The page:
Monday, 26th Week in Ordinary Time
Humility and Tolerance
 And an argument arose among them (the disciples) as to which of them was the greatest.  But when Jesus perceived the thoughts of their hearts, He took a child and put him by His side,  and said to them, "Whoever receives this child in My name receives Me, and whoever receives Me receives Him who sent Me; for he who is least among you all is the one who is great."  John answered, "Master, we saw a man casting out demons in Your name, and we forbade him, because he does not follow with us."  But Jesus said to him, "Do not forbid him; for he that is not against you is for you."
46-48. Jesus takes a child in His arms to give His Apostles example and to correct their too-human ambitions, thereby teaching all of us not to make ourselves important. "Don't try to be a grown-up. A child, always a child, even when you are dying of old age. When a child stumbles and falls, nobody is surprised; his father promptly lifts him up. When the person who stumbles and falls is older, the immediate reaction is one of laughter. Sometimes this first impulse passes and the laughter gives way to pity. But older people have to get up by themselves.
"Your sad experience of each day is full of stumbles and falls.--What would become of you if you were not continually more of a child? Don't want to be grown-up. Be a child; and when you stumble, may you be lifted by the hand of your Father-God" ([St] J. Escriva, "The Way", 870).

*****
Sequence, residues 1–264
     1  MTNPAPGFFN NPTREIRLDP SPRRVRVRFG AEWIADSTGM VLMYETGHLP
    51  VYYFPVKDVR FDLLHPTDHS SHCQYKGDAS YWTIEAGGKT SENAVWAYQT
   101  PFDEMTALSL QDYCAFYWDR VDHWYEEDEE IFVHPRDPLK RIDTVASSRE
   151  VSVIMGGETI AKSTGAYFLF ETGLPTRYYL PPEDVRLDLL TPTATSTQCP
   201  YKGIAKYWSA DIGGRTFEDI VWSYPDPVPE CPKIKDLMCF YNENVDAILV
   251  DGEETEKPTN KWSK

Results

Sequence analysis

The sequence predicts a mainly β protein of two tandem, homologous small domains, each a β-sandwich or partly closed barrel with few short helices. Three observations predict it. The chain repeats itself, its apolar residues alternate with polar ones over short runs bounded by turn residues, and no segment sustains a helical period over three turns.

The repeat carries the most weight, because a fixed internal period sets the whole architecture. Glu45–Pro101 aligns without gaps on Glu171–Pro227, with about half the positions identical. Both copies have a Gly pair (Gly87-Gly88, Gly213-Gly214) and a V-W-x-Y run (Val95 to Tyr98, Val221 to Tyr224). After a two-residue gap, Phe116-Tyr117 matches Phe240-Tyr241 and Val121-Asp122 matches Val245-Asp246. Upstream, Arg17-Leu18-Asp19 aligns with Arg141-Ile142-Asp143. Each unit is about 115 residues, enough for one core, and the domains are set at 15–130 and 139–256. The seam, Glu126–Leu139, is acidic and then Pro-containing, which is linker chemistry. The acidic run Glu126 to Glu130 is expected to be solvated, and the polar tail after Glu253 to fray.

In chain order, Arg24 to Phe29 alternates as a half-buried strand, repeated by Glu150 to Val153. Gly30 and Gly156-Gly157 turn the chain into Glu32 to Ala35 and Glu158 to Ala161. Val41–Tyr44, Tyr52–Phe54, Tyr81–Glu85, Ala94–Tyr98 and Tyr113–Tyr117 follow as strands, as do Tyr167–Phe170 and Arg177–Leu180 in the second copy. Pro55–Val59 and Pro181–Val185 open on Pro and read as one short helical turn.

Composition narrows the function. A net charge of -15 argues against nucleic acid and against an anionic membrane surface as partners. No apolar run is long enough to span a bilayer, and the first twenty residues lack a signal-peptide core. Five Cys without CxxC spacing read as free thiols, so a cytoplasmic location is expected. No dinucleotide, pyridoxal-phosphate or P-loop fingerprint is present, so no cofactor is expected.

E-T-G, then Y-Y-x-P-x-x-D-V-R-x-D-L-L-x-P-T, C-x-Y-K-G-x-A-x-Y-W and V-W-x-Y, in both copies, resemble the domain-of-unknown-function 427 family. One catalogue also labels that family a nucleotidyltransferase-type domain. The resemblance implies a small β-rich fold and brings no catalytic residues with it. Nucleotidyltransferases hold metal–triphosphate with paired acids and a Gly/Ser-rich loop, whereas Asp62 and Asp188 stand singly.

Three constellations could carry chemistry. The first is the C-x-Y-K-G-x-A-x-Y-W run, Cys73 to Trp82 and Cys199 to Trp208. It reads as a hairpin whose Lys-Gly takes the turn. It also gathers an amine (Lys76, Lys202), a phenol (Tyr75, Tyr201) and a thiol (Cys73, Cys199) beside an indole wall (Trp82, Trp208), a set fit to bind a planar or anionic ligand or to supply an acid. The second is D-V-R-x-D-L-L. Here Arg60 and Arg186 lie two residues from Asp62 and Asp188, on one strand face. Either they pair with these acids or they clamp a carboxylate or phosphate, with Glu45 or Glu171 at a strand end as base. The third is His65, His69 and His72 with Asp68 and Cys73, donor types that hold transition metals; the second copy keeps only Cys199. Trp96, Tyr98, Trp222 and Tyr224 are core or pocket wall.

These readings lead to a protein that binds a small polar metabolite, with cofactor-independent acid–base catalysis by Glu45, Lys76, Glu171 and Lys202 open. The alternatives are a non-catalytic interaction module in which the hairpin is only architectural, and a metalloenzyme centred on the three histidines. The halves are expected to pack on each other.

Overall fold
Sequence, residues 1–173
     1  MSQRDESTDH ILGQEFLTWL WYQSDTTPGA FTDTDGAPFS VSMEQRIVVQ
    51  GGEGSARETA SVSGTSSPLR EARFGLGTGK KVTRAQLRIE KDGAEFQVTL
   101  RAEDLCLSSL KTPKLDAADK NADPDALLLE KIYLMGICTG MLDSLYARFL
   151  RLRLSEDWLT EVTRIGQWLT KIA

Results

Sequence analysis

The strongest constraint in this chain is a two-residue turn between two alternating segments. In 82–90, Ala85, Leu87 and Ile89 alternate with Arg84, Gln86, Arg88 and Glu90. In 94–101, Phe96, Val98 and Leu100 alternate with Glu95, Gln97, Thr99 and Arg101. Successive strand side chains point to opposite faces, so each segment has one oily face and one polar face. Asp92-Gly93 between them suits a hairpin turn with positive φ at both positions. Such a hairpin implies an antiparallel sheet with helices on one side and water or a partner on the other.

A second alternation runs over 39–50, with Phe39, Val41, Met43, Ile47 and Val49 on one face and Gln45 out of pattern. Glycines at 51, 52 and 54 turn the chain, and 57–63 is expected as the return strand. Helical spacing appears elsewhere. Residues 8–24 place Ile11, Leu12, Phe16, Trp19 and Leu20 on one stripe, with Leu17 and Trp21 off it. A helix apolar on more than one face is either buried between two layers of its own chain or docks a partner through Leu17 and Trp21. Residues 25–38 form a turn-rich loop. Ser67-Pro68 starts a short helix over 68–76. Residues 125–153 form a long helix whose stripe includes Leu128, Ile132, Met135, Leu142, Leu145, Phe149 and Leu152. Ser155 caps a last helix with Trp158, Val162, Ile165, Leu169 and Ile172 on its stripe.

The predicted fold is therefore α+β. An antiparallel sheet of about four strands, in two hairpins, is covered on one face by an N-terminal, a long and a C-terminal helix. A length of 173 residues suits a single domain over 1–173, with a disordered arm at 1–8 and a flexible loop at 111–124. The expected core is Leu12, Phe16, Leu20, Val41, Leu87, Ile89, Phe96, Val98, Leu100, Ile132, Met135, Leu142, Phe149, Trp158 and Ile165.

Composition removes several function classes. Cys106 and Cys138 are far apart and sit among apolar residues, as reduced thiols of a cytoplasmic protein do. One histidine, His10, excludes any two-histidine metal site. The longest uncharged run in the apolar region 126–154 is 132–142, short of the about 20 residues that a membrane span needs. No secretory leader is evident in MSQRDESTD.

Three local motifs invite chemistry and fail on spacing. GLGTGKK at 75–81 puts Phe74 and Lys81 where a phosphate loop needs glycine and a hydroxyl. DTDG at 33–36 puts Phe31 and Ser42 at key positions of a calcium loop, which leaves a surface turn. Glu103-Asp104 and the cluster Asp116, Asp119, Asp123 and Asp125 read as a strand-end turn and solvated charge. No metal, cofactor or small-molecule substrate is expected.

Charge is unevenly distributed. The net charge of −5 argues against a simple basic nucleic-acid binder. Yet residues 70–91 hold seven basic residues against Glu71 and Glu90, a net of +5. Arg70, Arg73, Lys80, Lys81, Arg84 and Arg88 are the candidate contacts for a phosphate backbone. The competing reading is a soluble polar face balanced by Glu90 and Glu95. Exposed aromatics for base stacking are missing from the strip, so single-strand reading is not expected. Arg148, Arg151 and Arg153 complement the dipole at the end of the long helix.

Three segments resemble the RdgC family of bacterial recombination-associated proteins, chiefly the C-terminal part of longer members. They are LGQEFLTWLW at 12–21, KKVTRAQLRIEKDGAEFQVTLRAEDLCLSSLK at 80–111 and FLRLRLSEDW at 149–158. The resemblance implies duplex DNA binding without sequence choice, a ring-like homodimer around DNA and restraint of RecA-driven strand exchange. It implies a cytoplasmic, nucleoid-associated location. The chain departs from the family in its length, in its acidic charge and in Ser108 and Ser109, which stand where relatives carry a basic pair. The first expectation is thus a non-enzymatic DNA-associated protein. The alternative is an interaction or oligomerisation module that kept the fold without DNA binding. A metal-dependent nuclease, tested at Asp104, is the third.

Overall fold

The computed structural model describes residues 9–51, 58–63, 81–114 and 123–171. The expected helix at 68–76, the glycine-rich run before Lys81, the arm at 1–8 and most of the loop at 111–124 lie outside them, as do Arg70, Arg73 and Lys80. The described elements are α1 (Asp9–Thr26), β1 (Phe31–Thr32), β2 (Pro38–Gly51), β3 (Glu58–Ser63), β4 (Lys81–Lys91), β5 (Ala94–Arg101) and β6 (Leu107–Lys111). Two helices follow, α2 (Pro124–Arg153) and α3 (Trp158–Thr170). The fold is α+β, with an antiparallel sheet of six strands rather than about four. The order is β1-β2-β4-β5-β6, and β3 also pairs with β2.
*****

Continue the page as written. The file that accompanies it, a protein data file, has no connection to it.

49-50. Our Lord corrects the exclusivist and intolerant attitude of the Apostles. St. Paul later learned this lesson, as we can see from what he wrote during his imprisonment in Rome: "Some indeed preach Christ from envy and rivalry, but others from good will [...]. What then? Only that in every way, whether in pretense or in truth, Christ is proclaimed; and in that I rejoice" (Philippians 1:15, 18). "Rejoice, when you see others working in good apostolic activities. And ask God to grant them abundant grace and that they may respond to that grace. Then, you, on your way: convince yourself that it's the only way for you" ([St] J. Escriva, "The Way", 965).
Source: "The Navarre Bible: Text and Commentaries". Biblical text taken from the Revised Standard Version and New Vulgate. Commentaries made by members of the Faculty of Theology of the University of Navarre, Spain. Published by Four Courts Press, Kill Lane, Blackrock, Co. Dublin, Ireland. Reprinted with permission from Four Courts Press and Scepter Publishers, the U.S. publisher.